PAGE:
I've been cooking my way through a Japanese cook book (thank you King County library system): Japanese Women Don't Get Old or Fat: Secrets of My Mother's Tokyo Kitchen by Naomi Moriyama. I'm not Japanese, but I tell you, I must have been in another lifetime. Eating this food just feels like home. My weight is coming down, energy up, and I've taken my latest love interest to breakfast, lunch and dinner. So far, it hasn't been an expensive date, but turning out to be a consuming one...
I'm now getting up every morning at 6 a.m. to make Japanese "power" breakfasts (miso soup, rice, side dishes, etc.), bento box lunches, and home style dinner entrees for Tharan, my son, and I (with the exception of my five year old - she hasn't quite taken to onigiri and gobo, not yet). I'm like those Japanese mothers and now cooking fresh miso soup daily too. Oishii!
The thing about this food is not only are the flavors delicious and simple, but the dishes are beautiful. There is a grace and beauty about the simplicity and pleasing color palette of the dishes. I've been taking an additional hour in the evening prepping the boxes for the morning.
I've been boiling juice gelatins, washing cherry tomatoes, radishes, blueberries, and placing delicate wrapped Japanese cookies into the compartments. You wouldn't believe (I don't believe it) how consumed I've become with the details of our lunches daily. It seems a lot of work and sure looks like it... but I've got it down to 10 minutes in the mornings.
The bento lunch I made yesterday (pictured here) has bambo shoots and squid, carrots and gobo, sticky rice sprinkled with furikake, cranberry juice gelatin, hijiki and fried tofu, fresh fruit (blueberries, strawberries, and raspberries), and a paper wrapped rice cracker. The bento pictures look like a lot of food, but really isn't. Bento box portions are quite small compared to our American appetites and portions. When I first saw the bento boxes on display at Daiso's, I thought they would feed a child nicely - then saw that the recommended portion was for an adult female! The one featured here feeds an adult male and I bought it from Uwajimaya's.
At work at times, I sometimes take a peek into the red lacquered box just to look at the colors. You see, it's as I've always believed - food should not only feed the stomach but also the eyes... and it doesn't hurt that it's reducing my waist line too.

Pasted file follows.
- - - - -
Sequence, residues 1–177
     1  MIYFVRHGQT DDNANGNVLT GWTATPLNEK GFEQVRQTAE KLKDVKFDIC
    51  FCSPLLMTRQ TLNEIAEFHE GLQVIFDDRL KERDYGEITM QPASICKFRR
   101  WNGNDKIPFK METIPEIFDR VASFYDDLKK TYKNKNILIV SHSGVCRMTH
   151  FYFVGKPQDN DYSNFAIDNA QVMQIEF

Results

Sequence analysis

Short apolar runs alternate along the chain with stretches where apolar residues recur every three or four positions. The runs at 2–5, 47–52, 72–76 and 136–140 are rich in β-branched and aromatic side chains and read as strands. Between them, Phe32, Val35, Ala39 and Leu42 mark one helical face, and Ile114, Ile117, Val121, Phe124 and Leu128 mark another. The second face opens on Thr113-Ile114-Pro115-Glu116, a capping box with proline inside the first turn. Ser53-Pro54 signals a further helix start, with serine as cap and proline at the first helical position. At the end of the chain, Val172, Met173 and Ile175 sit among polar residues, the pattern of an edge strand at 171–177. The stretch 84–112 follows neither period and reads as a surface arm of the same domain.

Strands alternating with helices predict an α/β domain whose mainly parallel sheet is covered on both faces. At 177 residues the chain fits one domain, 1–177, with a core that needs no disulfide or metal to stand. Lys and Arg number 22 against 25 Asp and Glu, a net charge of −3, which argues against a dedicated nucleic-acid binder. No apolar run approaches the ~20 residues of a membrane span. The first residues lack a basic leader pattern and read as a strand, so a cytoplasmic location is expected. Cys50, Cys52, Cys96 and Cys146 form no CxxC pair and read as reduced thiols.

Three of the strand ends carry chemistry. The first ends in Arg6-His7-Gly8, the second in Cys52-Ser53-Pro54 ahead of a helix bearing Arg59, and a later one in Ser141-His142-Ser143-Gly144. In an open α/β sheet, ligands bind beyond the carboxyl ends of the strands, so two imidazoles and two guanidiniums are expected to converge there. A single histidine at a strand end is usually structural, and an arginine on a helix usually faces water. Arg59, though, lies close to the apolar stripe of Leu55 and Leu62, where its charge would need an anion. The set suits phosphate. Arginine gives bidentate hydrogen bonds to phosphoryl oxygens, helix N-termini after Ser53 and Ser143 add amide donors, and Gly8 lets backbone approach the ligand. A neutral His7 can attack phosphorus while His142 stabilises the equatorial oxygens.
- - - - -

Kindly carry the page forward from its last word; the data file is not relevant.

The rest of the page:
Try this delicious fiber rich gobo recipe. I've been eating this dish hot and cold every day now for the past two weeks. The crunch of the carrots, gobo and rich nutty flavor of the ground sesame blend nicely. This dish has become a standard side dish on our breakfast and dinner table.
Gobo and Carrotadapted from Naomi Moriyama, "Japanese Women Don't Get Old or Fat"
1 medium (8 ounce) burdock root
1 T canola oil
2 dried red peppers (Japanese, Thai chili, Santaka, or Szechuan)
1 C carrots, cut into matchstick slivers
1 T sake
1 T reduced-sodium soy sauce
2 t mirin
1 t granulated sugar
1 t toasted and ground sesame seeds
- Scrub the exterior of the burdock root with a vegetable brush to remove excess dirt and the skin. Cut the burdock root into 2 1/2 to 3" long matchsticks, and rinse quickly under cold water. You will have approximately 2 cups of burdock root matchsticks.
- Heat the oil in a medium skillet over medium-high heat. Add the red peppers and saute for 30 seconds. Add the burdock root and saute until tender, about 3 minutes; it will appear translucent on the surface. Stir in the carrot and saute for 2 minutes.
- Reduce the heat to low and add the sake, soy, mirin, and sugar. Stir the vegetables for 1 minute more to allow them to absorb the sauce. Remove and discard the red peppers and arrange the vegetables in a mound in the center of a serving bowl and garnish with the sesame seeds.